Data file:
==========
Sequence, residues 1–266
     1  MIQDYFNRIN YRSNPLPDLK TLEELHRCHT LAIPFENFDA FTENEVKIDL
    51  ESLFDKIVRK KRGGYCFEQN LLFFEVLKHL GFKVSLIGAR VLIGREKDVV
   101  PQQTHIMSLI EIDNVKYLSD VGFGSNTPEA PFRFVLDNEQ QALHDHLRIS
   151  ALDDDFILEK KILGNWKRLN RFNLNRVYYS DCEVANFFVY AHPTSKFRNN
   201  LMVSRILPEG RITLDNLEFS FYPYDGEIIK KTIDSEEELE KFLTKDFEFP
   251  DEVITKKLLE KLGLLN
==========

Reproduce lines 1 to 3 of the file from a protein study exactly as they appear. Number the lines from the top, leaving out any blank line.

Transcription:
Sequence, residues 1–266
     1  MIQDYFNRIN YRSNPLPDLK TLEELHRCHT LAIPFENFDA FTENEVKIDL
    51  ESLFDKIVRK KRGGYCFEQN LLFFEVLKHL GFKVSLIGAR VLIGREKDVV